Rachel Salmon is a high school math teacher in Pennsylvania who was once a firearms dealer. In this post she shares her unique perspective on school safety and gun control on a day when students at schools around the country are staging a walkout for 17 minutes to protest gun violence.
The 17-minute march comes one month after a gunman fatally shot 17 at Marjory Stoneman Douglas High School in Parkland, Fla., an event that has sparked student activism unprecedented in recent years. Other protests are being organized, as well, including a march later this month called by survivors of that shooting.
Here’s Salmon’s view of what needs to be done to make schools safe for kids.
By Rachel Salmon
Growing up, guns were in my house as long as I can remember. My father was a licensed firearms dealer, one of the largest on the East Coast at one point. Some days, you would have never known there was a gun in the house. Other days, there would be piles of them in our entryway while he unpacked from a show. For years, this was my normal life, and since I had no interest in guns, I just ignored it all.
I continued to ignore it all until my father suddenly died of a heart attack. I became the person responsible for the thousands of firearms in his inventory, and I had to learn all about guns, gun laws and the gun community.
As a licensed firearms dealer, I was one of the people who signed off on a gun sale. I was fortunate to have the flexibility in my life at the time to take care of this overwhelming task. I was in the process of earning a degree in education to become a math teacher. My goal was to sell off the inventory by the time I finished my student teaching.
I encountered some amazing people with big hearts who helped me out through the process of taking inventory and preparing everything to be sold. These were normal people who genuinely enjoyed being able to blow stuff up with a machine gun safely in the middle of a giant, empty farm.
I tried it myself and definitely understand the adrenaline rush, but it’s not my kind of hobby. These people are responsible gun owners who know their guns, understand the laws, and take gun safety extremely seriously.
I also met people who attempted to buy a firearm without knowing anything at all about guns. I spent three years selling off the inventory and while I did see there are many great people that enjoy firearms, there is not enough being done to ensure that the people buying them should really have them.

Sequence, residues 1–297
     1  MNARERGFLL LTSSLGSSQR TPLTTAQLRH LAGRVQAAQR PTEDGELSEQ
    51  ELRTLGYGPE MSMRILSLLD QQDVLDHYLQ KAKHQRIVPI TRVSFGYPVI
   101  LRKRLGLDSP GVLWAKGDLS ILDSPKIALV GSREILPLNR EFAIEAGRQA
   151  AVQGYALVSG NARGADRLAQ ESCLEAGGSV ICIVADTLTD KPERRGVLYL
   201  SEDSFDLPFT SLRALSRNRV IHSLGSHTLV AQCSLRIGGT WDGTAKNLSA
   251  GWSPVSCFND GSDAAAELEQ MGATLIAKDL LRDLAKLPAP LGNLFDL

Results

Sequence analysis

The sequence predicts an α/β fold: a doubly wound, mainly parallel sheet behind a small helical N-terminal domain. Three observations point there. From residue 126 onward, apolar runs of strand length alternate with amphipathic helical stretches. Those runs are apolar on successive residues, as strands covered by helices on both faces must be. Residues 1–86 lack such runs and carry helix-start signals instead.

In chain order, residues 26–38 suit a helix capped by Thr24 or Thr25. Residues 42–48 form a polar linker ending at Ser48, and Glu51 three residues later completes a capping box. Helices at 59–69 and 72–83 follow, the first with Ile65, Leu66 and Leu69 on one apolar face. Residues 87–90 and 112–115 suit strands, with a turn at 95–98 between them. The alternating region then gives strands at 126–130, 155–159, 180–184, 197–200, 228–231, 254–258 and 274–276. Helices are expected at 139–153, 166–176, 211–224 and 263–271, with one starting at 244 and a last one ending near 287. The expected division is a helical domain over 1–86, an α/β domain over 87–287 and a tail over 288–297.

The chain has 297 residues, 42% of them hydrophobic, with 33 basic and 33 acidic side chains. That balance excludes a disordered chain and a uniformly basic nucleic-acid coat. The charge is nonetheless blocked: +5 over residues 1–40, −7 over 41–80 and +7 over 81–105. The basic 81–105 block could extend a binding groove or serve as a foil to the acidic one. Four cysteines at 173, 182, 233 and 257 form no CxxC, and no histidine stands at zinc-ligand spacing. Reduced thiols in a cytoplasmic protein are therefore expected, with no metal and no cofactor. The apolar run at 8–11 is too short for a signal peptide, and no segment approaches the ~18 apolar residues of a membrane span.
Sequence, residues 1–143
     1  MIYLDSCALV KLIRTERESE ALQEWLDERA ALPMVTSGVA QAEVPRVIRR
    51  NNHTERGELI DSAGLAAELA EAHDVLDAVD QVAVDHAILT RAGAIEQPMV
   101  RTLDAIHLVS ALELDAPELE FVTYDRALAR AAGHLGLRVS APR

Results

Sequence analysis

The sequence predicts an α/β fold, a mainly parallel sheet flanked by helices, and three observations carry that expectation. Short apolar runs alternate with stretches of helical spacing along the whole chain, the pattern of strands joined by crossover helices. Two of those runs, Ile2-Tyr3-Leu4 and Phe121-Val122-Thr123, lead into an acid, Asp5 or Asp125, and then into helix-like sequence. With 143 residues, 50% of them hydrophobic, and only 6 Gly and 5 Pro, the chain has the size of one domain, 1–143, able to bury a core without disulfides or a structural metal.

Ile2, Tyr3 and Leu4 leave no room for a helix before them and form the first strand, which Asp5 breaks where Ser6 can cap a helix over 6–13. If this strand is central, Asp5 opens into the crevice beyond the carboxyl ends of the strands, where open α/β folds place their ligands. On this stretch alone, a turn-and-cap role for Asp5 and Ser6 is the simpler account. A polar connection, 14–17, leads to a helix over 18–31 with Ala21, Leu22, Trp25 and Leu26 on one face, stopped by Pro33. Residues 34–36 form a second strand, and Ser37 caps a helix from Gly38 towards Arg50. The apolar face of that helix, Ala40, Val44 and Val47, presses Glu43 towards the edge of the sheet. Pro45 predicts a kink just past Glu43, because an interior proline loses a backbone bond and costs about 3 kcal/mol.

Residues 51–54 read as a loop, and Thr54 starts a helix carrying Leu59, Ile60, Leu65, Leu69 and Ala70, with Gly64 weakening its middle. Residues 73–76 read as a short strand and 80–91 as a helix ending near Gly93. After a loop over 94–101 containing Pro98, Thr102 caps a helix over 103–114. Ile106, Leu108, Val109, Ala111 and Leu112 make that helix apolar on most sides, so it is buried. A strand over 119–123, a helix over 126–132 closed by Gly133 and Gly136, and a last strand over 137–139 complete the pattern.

There are gun laws that aren’t being enforced, and that needs to change. The process for an individual with no record to buy a rifle (including an AR-15) is way too easy. You should have to take a class, pass a test and have written references to be allowed to buy a gun. If you’re a responsible gun owner, this is not a lot to ask.
I saw a whole lot of stupid when I sold guns. People asked me all the time why I didn’t keep my dad’s business and make more money than I do as a teacher. I was not comfortable handing over firearms to people who had to do so little to get them.
I have a number of friends who are pro-Second Amendment. Since the shooting deaths of 17 people at a South Florida high school on Feb. 14, I have seen headlines suggesting that we should arm teachers and install metal detectors and bulletproof glass. I have also heard the opinion that there is simply no way to prevent mass shootings.
These ideas don’t consider the financial burden schools are already facing or the substantial amount of training required to shoot a desired target in a building full of children running for their lives. That training could also never mentally prepare a teacher to possibly shoot and kill a student.
I also have friends who want gun control. I have seen articles posted with incorrect and/or exaggerated information about people being able to easily buy fully automatic guns or the differences between different types of guns, and little to no knowledge of the actual gun laws in the comments. We all need to do better with the information we spread.
Requiring more from people in order to buy guns, allowing more thorough background checks, and having a registration system for all firearms could prevent the decision to buy a gun from being an impulse. Taking a class might stop an accident or motivate someone to make sure their guns are properly locked up at home.
Things need to change, and it should come from both sides of the debate. The children who have been shot at for all these years will not be ignored. They will be old enough to vote soon, and may even run for office. Second Amendment advocates should contribute their knowledge of firearms, what a responsible gun owner can be and what they can do. They should get on board now while they can.
There is no way to prevent every single act of violence, just like we can’t entirely stop any form of crime. However, that does not mean that we shouldn’t try to prevent as many accidents, suicides and angry impulses as we can.
If we can prevent even one more tragedy, isn’t that worth it?